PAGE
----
2018-06-01 / Front Page

Town seeks staffing grant

By Duke Harrington Staff Writer

KENNEBUNK — Selectmen have signed off on a federal grant application that will allow the Kennebunk Fire Department to augment its fulltime crew compliment with four new firefighters, adding one per shift.

The decision was not unanimous and some questioned both the cost and timing of the proposal.

The Staffing for Adequate Fire and Emergency Response Grants (SAFER) grant program, offered through the Federal Emergency Management Agency (FEMA), would offer a stair- step approach to funding.

The three-year grant would pay 75 percent of the $375,000 cost of four new firefighters, or $264,000, in years one and two. In the final year, it would ramp down to 65 percent, or $228,000. After that, taxpayers would be on the hook for the full amount, getting the entire bill starting in the 2022 fiscal year.

The SAFER grant is not new to Kennebunk. In fact, Fire Chief Jeffrey Rowe said the current evolution of the fire department from volunteer service to career company staffed by a fulltime crew began with a SAFER grant in 2009.

“That basically started some of the career force, putting on two firefighters,” he said.

The $1.76 million fire department budget to be approved (or not) by voters June 12, already includes $120,000 to convert four current per-diem firefighters to full-time status. The new money covers employee benefits, such as health insurance.

At the May 22 selectboard meeting, Rowe said he’s “not sure” if the SAFER grant can be used to cover the cost of converting the four per diems.

“Generally, the grant can’t be used to cover the cost of already budgeted items,” he said. “But there is the possibility of a waiver. But if we get the grant, the absolute worst that happens is we refuse it.”

“I’m always concerned to not at least put our foot in the door,” Town Manager Mike Pardue said. “If we do not enter into this now, I’m sure these are certainly positions we’ll be looking to add I’m sure in years to come.”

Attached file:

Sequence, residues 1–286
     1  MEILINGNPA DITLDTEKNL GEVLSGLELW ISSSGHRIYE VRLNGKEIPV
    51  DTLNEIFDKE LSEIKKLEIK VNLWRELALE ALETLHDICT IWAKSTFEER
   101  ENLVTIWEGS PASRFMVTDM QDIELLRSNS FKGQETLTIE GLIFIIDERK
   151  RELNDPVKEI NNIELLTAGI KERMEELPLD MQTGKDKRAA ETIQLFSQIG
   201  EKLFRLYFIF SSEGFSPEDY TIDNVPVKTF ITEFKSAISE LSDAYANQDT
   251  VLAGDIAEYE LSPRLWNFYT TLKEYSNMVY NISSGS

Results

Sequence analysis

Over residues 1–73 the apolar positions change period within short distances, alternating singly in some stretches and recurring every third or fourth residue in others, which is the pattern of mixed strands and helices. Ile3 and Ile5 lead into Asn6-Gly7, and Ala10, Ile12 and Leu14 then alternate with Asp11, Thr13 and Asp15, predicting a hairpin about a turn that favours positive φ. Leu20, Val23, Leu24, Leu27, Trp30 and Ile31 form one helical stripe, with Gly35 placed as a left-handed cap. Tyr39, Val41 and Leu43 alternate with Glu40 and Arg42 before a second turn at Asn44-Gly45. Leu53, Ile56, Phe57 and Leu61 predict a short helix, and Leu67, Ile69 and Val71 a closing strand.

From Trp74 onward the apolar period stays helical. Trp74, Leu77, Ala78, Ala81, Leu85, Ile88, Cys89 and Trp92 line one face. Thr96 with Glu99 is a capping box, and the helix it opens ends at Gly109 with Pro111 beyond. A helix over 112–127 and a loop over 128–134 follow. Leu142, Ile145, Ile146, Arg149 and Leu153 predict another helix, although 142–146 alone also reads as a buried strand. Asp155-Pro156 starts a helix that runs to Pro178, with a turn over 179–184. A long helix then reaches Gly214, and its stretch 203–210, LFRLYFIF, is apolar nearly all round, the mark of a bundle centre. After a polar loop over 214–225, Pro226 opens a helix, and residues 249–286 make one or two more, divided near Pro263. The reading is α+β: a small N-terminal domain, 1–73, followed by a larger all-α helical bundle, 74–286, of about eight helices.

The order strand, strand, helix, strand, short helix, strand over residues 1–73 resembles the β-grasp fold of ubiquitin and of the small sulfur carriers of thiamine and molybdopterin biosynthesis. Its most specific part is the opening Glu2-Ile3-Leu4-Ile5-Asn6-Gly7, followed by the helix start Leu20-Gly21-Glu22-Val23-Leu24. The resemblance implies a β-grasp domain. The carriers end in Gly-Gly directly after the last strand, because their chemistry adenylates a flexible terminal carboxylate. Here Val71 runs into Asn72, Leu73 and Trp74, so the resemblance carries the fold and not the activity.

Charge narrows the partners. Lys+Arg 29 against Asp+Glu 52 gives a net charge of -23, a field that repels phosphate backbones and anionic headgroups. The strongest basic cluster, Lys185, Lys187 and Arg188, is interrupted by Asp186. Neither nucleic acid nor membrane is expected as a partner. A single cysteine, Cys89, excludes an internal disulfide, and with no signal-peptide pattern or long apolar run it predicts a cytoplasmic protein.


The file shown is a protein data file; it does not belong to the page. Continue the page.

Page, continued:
Rowe said that absolutely is the case and that he’ll likely be coming to selectmen in future budget years to request additional full-time staffing.

“Per diems are getting very scarce,” he said. “The pool is absolutely shrinking. We’ve had some shifts lately where instead of four per diems on staff, we’ve had three.”

“We’ve known this was coming. We’ve kicked the can down the road as far as we can, I think,” Selectman Christopher Cluff said.

One concern, however, is where Kennebunk plans to bunk all those staffers.

“You’re running out of space. Where are you going to house these people?” Selectman Dan Boothby asked.

“Quite frankly, we haven’t given that a whole bunch of consideration at this point in time,” Rowe said.

However, when it was reported that Pardue had already authorized Rowe filing for the grant, because the deadline fell between board meetings, and that all selectmen were being asked for was letter of support, some appeared to take that news on the chin.

“I think we put the cart before the horse a little bit,” Cluff said.

“For the first time I have to say I’m almost speechless,” said Sharon Staz, rising from the audience. “I find it very difficult to understand that you are just hearing about this tonight and are about to take a vote committing what could be over a $400,000 increase to the budget four years from now, without more consideration, more personnel studies and more rationale, when there are many other things that have come before you that are much less (costly) and have a more positive impact, that can’t get addressed.”

Rowe said he understood during the budgeting process earlier this spring that selectmen wanted him to apply for more grants, which he dutifully did. The only issue, he said, was that the deadline cycle for the SAFER award came up quicker this year than it has in years past. Decisions will be made by mid-June he said, with grants announced by July 1.

Most of the board backed offering official, if belated, backing for the grant application.

“I think right now we get the letter out so we can support the grant,” Selectman William Ward said. “If we win, then we can have a longer discussion.”

Only Boothby voted against the decisions.

“I would just feel a lot better if the budget board was in this process and we were able to get their comment, because that’s how we do it,” Boothby said.

After the decision, word came that the SAFER grant issue would be added to the agenda for a special selectmen’s meeting on Tuesday, May 29.

That meeting took place after the print deadline for this week’s Post.

“Chief Rowe has performed additional research on this grant and would like to offer added insight,” Pardue said.

Staff Writer Duke Harrington can be reached at news@kennebunkpost.com.

Return to top